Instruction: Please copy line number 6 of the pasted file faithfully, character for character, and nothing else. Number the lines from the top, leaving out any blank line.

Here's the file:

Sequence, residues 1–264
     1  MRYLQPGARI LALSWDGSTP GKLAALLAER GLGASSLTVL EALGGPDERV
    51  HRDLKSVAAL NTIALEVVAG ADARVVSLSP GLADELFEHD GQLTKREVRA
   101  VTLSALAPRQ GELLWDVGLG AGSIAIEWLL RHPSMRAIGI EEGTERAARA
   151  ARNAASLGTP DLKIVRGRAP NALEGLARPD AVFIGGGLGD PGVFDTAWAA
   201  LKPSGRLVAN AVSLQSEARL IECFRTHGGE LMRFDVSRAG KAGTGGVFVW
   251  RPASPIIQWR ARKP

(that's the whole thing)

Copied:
   201  LKPSGRLVAN AVSLQSEARL IECFRTHGGE LMRFDVSRAG KAGTGGVFVW